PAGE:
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Considerations and obstacles with sprayed foam in roofs

Spray foam insulation within pitched roofs, lofts or attics has been an method used for many years to help homeowners prevent heat escaping their property. It can be viewed by many homeowners as an easy and simplistic fix, when in fact the installation of spray foam should really be seen as a significant and fundamental alteration to a home that needs careful consideration, understanding and planning.

This lack of clear understanding and consideration has sadly impacted some homeowners when buying, selling or refinancing a property. Concerns by valuation surveyors who are (in some occasions) unable to accurately evaluate roof/attic spaces with sprayed foam applied have in recent years concerned lenders, insurers and wider surveying professionals. This has consequently impacted the valuation of some homes and lead to certain mortgage companies refusing to lend on a property with sprayed foam applied to the roof.

If you are considering applying sprayed foam, the PCA advises homeowners to carry out appropriate suitability checks before installation (see useful checks below). If however, you have sprayed foam already applied in your roof space and you are concerned, there are professionals you can talk to. Click on the button below to find specialist near you. 

Find qualified spray foam assessors >

The hidden problems associated with spray foam insulation in roof spaces

Accurate inspections:
Spray foam creates a thick, continuous layer that completely obscures the underlying roof structure, including trusses, rafters, and sheathing. This makes it very difficult for surveyors to visually inspect the condition of the wood, identify cracks, rot, or other signs of damage. For example, if there is a roof leak behind the spray foam insulation, it many situation it would not be seen.

Trapped moisture and condensation: 
Spray foam, particularly closed-cell varieties, can create a barrier that traps moisture within the roof cavity. This can lead to condensation buildup, especially during cold weather, potentially causing timber rot/decay, mould/mildrew growth, rust and corrosion with metal components and potentially structural issues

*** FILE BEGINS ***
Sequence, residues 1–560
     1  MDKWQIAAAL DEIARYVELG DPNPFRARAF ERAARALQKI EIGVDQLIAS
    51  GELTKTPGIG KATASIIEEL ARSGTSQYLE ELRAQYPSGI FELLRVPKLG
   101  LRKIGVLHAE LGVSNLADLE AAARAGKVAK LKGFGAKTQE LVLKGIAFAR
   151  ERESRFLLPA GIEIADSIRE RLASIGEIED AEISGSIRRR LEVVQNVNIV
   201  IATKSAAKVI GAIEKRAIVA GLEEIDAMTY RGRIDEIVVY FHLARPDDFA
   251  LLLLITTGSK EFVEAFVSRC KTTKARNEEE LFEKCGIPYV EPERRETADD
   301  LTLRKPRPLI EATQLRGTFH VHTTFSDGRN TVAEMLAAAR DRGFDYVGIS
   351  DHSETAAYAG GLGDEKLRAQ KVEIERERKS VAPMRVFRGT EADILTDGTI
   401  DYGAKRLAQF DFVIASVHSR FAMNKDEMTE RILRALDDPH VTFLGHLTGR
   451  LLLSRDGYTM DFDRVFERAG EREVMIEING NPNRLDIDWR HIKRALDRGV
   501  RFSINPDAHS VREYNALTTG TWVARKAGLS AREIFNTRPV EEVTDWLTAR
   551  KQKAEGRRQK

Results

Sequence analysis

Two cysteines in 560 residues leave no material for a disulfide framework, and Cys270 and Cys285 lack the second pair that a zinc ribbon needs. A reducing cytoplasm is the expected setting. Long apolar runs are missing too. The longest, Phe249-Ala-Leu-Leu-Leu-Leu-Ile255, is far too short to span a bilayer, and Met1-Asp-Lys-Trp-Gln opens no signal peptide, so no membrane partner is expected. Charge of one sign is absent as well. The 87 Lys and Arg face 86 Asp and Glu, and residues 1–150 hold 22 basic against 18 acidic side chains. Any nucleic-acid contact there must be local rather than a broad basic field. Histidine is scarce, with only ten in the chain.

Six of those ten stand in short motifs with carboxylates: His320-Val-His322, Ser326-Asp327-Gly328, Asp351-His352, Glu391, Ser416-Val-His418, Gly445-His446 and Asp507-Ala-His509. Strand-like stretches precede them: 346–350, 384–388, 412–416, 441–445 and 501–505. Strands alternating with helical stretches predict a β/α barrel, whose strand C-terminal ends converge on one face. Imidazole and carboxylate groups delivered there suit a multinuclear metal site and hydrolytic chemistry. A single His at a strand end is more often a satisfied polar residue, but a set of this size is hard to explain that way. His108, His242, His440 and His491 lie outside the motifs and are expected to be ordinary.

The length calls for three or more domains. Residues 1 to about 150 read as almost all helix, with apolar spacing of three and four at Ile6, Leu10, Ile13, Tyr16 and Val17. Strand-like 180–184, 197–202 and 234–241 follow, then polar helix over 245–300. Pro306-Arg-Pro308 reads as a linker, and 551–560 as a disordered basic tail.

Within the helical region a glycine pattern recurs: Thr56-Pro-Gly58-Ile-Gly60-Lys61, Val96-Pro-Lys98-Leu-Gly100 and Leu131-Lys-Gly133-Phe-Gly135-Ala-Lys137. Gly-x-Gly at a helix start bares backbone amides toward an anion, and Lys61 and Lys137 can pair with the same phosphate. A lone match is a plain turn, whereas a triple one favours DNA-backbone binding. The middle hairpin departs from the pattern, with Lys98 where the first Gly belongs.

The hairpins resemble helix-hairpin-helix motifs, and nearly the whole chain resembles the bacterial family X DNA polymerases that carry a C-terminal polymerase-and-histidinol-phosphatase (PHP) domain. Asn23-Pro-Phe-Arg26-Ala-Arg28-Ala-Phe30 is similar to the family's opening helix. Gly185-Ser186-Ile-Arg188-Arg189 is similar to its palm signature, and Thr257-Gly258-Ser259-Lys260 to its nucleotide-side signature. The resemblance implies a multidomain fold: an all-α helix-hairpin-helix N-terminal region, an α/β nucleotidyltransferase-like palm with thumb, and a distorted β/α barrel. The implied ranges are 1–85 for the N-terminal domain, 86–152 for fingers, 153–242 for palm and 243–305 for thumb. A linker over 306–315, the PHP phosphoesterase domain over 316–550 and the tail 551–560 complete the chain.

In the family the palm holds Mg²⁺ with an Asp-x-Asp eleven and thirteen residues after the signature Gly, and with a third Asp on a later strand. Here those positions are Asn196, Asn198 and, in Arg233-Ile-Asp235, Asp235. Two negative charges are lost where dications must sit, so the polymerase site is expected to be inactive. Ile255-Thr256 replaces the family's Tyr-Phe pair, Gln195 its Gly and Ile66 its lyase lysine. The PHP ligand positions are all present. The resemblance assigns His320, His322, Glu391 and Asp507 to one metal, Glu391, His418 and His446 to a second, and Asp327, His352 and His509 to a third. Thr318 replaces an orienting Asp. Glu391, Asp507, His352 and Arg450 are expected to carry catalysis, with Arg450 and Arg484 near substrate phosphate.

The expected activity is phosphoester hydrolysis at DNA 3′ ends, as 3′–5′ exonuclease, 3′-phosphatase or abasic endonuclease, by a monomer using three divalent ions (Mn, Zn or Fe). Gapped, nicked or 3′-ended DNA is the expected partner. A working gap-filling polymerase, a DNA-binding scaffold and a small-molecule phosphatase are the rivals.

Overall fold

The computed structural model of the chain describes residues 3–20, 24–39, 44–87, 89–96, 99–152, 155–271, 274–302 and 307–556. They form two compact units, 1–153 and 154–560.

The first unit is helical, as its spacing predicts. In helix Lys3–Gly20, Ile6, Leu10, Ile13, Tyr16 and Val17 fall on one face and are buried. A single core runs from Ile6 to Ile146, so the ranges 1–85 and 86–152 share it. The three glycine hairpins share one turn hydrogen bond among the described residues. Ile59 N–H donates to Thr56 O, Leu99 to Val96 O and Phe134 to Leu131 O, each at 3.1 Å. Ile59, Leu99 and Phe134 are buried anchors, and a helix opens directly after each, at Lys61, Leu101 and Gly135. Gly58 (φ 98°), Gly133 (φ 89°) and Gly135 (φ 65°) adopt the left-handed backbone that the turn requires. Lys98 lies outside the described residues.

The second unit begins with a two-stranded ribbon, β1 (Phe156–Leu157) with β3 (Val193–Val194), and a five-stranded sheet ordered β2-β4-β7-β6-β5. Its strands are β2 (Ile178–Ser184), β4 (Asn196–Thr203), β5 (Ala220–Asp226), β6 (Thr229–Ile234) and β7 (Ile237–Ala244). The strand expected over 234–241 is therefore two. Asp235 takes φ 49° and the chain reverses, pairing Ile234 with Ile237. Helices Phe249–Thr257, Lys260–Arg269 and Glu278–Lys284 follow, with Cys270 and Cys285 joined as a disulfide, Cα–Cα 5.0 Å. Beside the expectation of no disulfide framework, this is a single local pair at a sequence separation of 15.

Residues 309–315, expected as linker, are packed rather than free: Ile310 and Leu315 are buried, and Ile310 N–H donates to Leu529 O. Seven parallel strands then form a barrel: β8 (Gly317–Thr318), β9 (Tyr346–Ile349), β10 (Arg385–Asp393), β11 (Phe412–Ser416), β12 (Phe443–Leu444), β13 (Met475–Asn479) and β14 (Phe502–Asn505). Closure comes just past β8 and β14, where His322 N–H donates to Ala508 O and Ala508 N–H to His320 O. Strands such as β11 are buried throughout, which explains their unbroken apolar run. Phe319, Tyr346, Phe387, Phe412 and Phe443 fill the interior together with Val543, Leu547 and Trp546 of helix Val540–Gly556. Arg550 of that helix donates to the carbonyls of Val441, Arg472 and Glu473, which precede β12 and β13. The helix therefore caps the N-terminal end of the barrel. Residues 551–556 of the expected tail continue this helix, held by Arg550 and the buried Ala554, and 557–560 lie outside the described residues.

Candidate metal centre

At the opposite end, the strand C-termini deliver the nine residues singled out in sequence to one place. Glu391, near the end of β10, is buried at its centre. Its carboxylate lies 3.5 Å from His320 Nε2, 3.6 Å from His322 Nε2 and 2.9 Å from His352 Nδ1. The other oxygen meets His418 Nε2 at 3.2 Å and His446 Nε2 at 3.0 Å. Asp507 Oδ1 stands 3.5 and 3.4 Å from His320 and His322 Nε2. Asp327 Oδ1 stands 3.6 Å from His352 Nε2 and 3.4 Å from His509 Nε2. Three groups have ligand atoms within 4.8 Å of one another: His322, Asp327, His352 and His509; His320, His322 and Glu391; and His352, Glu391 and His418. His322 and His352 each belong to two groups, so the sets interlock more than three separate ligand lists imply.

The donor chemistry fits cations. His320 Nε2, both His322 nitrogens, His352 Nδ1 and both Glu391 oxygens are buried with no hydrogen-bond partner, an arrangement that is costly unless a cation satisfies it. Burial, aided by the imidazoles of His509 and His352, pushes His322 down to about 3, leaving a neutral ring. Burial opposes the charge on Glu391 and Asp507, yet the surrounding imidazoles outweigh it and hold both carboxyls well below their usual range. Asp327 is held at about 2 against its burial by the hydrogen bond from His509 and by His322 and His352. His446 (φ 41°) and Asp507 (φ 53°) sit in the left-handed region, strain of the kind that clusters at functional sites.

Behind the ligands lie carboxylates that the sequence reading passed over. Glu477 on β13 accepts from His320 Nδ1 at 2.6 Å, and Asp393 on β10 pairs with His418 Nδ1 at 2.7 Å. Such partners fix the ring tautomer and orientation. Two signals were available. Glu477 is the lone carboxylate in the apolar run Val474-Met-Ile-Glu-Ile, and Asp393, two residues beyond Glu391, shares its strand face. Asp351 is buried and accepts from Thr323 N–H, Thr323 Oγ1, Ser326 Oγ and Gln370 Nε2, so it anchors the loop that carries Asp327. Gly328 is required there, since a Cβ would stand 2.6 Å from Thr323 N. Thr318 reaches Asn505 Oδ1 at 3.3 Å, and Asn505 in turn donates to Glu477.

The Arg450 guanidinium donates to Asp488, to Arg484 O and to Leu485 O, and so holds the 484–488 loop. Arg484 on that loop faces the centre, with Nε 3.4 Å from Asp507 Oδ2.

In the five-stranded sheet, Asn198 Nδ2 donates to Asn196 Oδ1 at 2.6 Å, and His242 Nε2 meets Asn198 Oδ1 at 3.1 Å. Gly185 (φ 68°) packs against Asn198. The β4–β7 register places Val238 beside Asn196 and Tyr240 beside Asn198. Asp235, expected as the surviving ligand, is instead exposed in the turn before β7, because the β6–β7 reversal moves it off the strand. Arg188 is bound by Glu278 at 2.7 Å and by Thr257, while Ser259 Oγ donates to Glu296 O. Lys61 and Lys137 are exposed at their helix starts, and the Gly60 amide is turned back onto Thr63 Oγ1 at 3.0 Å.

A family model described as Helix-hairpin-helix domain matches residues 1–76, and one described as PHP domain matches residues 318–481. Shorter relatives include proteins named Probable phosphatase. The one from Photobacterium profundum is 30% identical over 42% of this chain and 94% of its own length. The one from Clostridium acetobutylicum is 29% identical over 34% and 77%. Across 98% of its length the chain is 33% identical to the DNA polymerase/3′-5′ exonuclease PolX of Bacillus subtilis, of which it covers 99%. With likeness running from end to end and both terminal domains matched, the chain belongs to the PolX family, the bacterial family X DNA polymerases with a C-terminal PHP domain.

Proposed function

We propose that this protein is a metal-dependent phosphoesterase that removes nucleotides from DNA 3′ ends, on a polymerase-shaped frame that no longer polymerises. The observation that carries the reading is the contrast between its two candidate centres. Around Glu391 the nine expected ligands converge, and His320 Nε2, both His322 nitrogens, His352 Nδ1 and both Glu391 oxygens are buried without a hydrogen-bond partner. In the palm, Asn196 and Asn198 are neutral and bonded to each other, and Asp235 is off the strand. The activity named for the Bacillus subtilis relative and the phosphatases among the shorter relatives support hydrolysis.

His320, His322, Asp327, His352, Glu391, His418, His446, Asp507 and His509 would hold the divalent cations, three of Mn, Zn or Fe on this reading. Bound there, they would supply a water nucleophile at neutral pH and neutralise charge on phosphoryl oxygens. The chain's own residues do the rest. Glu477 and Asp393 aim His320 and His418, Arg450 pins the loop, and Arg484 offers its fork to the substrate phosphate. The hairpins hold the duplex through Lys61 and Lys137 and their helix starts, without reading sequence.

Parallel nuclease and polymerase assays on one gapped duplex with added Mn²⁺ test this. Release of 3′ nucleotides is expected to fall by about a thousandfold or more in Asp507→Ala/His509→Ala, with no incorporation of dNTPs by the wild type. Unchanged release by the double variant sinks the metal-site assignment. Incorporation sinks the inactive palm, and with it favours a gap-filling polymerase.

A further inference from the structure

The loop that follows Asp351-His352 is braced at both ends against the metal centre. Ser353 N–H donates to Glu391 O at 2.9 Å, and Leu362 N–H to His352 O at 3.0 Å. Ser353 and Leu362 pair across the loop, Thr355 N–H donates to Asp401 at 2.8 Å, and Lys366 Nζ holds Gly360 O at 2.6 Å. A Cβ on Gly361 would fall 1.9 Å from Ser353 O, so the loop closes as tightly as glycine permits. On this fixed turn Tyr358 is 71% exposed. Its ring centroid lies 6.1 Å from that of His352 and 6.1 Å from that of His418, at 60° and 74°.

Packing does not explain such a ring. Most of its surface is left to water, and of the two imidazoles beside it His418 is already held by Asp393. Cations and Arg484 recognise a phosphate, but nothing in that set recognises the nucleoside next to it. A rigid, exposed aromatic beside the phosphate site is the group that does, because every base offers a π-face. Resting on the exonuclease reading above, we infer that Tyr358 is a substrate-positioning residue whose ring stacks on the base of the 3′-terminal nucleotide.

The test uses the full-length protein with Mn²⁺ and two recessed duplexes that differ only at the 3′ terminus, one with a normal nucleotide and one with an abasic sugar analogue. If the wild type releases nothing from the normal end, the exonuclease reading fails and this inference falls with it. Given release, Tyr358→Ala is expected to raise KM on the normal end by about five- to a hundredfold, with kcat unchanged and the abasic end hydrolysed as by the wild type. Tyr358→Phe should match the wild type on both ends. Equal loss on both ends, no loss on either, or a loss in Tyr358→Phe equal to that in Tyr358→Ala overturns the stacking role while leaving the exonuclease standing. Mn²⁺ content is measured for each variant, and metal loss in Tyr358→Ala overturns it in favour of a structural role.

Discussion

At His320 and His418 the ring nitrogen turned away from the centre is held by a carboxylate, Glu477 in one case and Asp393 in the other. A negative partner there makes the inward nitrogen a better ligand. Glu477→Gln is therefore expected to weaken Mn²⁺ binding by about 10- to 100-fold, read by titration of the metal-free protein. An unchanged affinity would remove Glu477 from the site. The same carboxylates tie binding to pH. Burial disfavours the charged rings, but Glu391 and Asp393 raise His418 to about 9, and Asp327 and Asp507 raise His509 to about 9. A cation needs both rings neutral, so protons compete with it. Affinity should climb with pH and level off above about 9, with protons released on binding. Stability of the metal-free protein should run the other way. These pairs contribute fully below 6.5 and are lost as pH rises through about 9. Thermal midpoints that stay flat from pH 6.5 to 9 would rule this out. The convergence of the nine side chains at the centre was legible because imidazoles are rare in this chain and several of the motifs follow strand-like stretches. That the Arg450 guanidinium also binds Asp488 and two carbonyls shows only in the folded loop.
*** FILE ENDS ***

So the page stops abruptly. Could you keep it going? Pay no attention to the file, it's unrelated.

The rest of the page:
Ventilation issues: 
Spray foam's ability to seal air leaks can come at a cost. It can also restrict proper ventilation in the roof space. This lack of airflow can further exacerbate moisture problems and contribute to:

Improper installation: 
Applying spray foam correctly requires trained and certified professionals, as improper installation can significantly increase the risk of problems and cause difficulties for surveyors to evaluate properties. This includes overspraying, use of wrong spray foam types to even the thickness of the foam applied. Improper installation in turn can lead to uncontrolled condensation and damage to the roof.

Removal difficulties: 
Removing spray foam, if necessary, is a complex and expensive process, often requiring specialised equipment and expertise. This can be a major drawback if you need to make repairs or modifications to your roof in the future. 

Checks to consider before considering spray foam insulation

If you are considering applying sprayed foam in your roof space, we recommend you consider the following:

  • Is your roof nearing the end of its lifespan (around 20-25 years). If so, it might be more cost-effective to replace the entire roof system before applying spray foam
  • Is your roof free of leaks, cracks, moisture damage or any other defects?
  • Have you considered the ventilation of your roof space? This is crucial to prevent moisture build up
  • Will existing insulation need to be removed to control condensation risk?
  • Will the spray foam applied require additional materials such as vapour control layers?


Industry groups working together to help homeowners

The Property Care Association (PCA) has been at the forefront to try and alleviate issues for homeowners who are having difficulty selling their homes since issues with spray foam have become publicly known.

In the absence of authoritative guidance describing how surveyors may consider and manage risks associated with spray foam applied to roofs, we have created an industry working group made up of lenders, policyholders and the wider surveying community that has led to the creation of new inspection protocols for valuation surveyors.

We have also been actively promoting information for the professional surveying community to help educate professionals further through webinars, guidance documents and information papers.  This has also been supported by the creation of a new specialist ‘spray foam assessors’ membership category at the PCA to assist homeowners seeking guidance, information and assistance. 

The principal goal of everything mentioned above is to help alleviate the obstacles homeowners encounter when sprayed foam becomes an issue. This work however, is ongoing. The PCA remains committed though to providing good guidance and information that will hopefully in time, alleviate the issues. 

Concerned? Professionals you can talk to…

The newly created PCA membership category of ‘spray foam assessors’ lists surveying professionals that have demonstrated their experience, knowledge and experience. They are also carefully vetted before being awarded membership and are then subjected to rigorous ongoing auditing procedures once admitted to the association.

If you need to consult with one of these specialists, simply run a search using the tool below for a spray foam assessor near you.

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